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About Steven Goodheart

"I have made a ceaseless effort not to ridicule, not to bewail, not to scorn human actions, but to understand them." Spinoza

6 Responses to “Learn Metta Vipassana from a Master Teacher”

  1. Hello “meditation techniques” — thanks for stopping by.

    I’m not sure what you are referring to here — there at no videos at this post, but a number of links to Bhante Vimalaramsi’s teachings.

    The vast majority of my site is text, either excerpt teachings from various dharma teachers I admire and who I’ve found skillful in my own dharma practice, or my own personal essays. (I think there are only a small handful of videos.) In any event, I would hope that in all the articles and essays I’ve posted to Metta Refuge, a visitor will find something informative to read.

    In this particular post, I am basically highlighting the skillful teachings of a teacher I greatly admire, Bhante Vimalaramsi, someone whose insights into the Anapanasati Sutta and the Buddha’s writings are profound. This post was meant to help introduce others to him, not to be a vehicle for my own views and experiences in this particular area. There’s plenty of that at my site. 🙂 The links at the bottom take one to some very skillful teachings.

    With warm metta,
    Steve Goodheart

  2. Omprakash rungta Reply 2013/07/16 at 4:12 AM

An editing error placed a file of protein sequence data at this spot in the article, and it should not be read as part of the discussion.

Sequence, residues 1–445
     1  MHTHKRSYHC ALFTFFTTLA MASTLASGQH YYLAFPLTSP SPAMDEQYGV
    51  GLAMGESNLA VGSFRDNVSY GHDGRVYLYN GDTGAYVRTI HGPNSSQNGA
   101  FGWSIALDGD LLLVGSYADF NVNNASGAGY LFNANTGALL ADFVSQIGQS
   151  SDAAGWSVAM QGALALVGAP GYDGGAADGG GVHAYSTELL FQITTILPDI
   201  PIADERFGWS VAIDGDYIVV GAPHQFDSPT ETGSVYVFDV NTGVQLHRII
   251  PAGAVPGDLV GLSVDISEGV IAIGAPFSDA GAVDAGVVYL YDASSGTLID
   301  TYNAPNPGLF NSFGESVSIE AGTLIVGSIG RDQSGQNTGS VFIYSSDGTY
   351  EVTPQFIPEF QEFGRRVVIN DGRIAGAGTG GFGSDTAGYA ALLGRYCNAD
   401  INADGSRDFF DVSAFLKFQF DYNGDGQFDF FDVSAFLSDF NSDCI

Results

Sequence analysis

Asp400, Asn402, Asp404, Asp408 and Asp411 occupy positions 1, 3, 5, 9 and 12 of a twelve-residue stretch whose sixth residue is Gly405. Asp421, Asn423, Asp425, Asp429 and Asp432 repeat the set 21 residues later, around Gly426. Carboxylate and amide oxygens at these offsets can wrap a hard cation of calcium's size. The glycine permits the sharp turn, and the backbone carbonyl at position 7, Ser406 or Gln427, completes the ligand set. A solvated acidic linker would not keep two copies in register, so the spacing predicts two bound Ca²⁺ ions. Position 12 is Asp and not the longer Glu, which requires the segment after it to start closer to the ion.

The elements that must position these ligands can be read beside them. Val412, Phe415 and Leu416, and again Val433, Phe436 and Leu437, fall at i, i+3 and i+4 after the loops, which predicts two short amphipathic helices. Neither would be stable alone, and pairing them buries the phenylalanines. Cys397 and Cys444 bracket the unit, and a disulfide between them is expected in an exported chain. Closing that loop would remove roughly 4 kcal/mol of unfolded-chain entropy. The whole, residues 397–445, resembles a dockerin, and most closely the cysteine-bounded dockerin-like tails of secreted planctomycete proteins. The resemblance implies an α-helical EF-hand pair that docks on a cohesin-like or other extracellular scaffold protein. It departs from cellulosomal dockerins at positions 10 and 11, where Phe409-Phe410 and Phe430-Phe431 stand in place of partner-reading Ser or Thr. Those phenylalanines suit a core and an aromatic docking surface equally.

practicied Vipasanna meditation for twenty five years .but my quest for right method continued.it ended with the hearing of anapan sati sutta

  3. I love the practical focus on breathing that is so highly focused in Buddhism. We don’t have anything quite like it, that I’m aware of.

    It’s interesting, for sure. Thanks for posting, I’ll keep looking into this.

    this teaching style reminds me of our own brother lawrence.

    • Using the breath an aid or bridge to awareness or some object of contemplation is indeed a very skillful means, and not limited to any sect or religion or worldview…Brother Lawrence is awesome and his “The Practice of the Presence of God” is a masterpiece….that book revolutionized my Christian practice when I was walking in that path, and I can attest from actual practice that the kind of mindfulness he does, with devotion to God as the object and context for every task, thought, the very minutia of one’s life is incredibly powerful and incredibly demanding…for myself, though, I found a was finally let go of that “raft across the stream” (Buddhist metaphor I think you know) because something deeper took its place, which didn’t require any taking of thought about God, or love, at all, it was just, finally, presence itself, and it never leaves me, and the unfolding of it seems to have no end. (Not that I’m “enlightened”…it’s just always present.) 🙂

Trackbacks/Pingbacks

  1. Bringing Metta to Daily Life-A Talk by Bhante Vimalaramsi « Metta Refuge - 2010/04/24

    […] Learn Metta Vipassana from a Master Teacher […]

  2. Mindfulness of Breathing-The Anapanasati Sutta « Metta Refuge - 2010/02/11

    […] Learn Metta Vipassana from a Master Teacher […]